It’s no secret that after the holidays filled with overeating and dinners & desserts galore, “eating healthy” is the first resolution a lot of us put on our list of New Year’s Resolutions. Sure, we ate too much a week ago. And yeah, maybe we regretted eating so much that day. But the truth is, telling yourself you’re going to eat healthy and making it one of your resolutions are virtually the same thing… and there’s a small chance you’ll actually follow it either way. So this year, I opted NOT to make “eating healthy” one of my New Year’s resolutions, and here’s why:

What does "eating healthy" actually mean?

orange juice, juice, milk, midnight snack, midnight, Hungry, strawberry, strawberries, berries, Healthy, yogurt, berry, fridge, mini fridge, storage, soda, snack
Denise Uy

When we say we're going to eat healthy, what are we actually saying? Are we going to give up all saturated fat, sugar, carbs, and everything that ever has made us feel bloated or unhealthy? NO! We need to be more specific with ourselves in order to actually accomplish anything. Decide exactly what you want to cut back on and what you want to eat more of and to what extent.

The more specific you are, the better chance you have of following through with healthy eating because you won't be making yourself decide each time you're about to eat something if it's "too much" or "not enough". If you leave it open for yourself to judge whether each thing you eat is healthy for you or unhealthy for you right before you eat it, 9 times out of 10 you'll tell yourself it's good for you or that it's fine because you'll start eating healthy another day because you want to eat it.

Even some of the "bad stuff" is good for you in small amounts.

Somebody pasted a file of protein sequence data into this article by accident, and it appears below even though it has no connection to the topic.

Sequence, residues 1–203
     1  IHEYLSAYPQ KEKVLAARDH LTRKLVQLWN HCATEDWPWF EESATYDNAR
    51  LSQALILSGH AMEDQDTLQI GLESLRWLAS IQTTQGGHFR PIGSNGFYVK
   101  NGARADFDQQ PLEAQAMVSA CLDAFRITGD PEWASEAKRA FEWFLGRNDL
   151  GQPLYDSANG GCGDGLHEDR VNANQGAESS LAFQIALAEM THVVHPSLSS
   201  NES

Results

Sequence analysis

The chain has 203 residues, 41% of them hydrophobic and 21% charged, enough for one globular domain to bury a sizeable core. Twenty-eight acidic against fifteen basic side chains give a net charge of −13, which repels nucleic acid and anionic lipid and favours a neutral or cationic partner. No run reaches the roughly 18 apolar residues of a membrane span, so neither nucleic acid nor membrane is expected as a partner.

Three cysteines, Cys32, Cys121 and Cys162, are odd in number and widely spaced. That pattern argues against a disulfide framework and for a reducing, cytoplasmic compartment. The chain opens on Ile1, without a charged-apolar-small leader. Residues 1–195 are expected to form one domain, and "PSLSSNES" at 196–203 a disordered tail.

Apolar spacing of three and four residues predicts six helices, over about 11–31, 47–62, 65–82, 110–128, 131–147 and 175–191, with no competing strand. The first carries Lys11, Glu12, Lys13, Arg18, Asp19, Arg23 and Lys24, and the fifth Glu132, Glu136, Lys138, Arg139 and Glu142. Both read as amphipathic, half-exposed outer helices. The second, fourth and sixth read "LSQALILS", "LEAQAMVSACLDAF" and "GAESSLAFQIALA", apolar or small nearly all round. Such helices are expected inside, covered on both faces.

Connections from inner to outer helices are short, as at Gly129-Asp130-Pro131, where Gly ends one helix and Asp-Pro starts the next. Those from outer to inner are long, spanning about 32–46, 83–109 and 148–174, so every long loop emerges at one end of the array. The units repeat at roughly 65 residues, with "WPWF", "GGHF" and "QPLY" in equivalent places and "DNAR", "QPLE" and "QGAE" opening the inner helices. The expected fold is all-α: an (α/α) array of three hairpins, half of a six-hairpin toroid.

beer, wine
Zoe Zaiss

Maybe you won't find anything health-beneficial in eating a Twix bar or a Big Mac every day, but certain foods that you may think you should cut out completely are actually kinda moderation. Take pretzels for example. While high in sodium and carbohydrates, pretzels are low in fat and high in important nutrients like zinc, iron, fiber, and folate. While not a completely healthy snack that should be consumed every day, pretzels are good things to munch on every once in a while. A lot of other foods resemble pretzels in the sense that they can actually improve your health if consumed in moderation.

Satisfy your cravings.

sandwich, french fries, chips, cheese, burger, lettuce, tomatoes, onions, fries, buns
dena dianati

One of the major points of "eating healthy" is to make yourself feel good. The better foods (in terms of having more nutrients, vitamins, healthy fats, etc) we eat, the better our bodies feel. But we don't want to only eat these healthy foods. Sometimes our body craves something else. And it's okay to satisfy your cravings, as long as you don't pig out on the unhealthy food you crave. Try your best to eat as well you can, but don't deny yourself a snack that you're craving. It will make you feel better to have a couple of fries than shoving kale down your throat when you're really not in the mood for it.

Cheat Days Don't Exist.

Party, Indian Food, Sparklers, Sangria, sushi
Carolyne Su

Contrary to popular belief, cheat days are not a thing. Cheat days are an excuse for people to binge on all the foods that their diet restricts them from having. Instead of having a little bit of these foods sporadically over a month, some think it's okay to just stuff our faces with them all in one day. Nope. Fulfilling all of your monthly cravings in one day is a recipe for disaster. Satisfy your cravings as they come but still stick to a healthy plan of foods that make you feel good.

All in all, I guess it depends on the person. If you want to make "eating healthy" one of your New Year's Resolutions, go right ahead. For me, it doesn't work that way. I eat well, but when I want something, I eat it. I feel good about myself this way. I don't need to write it down as a goal in order to eat my best. But do whatever works for you. This most important thing is that you eat well and feel good.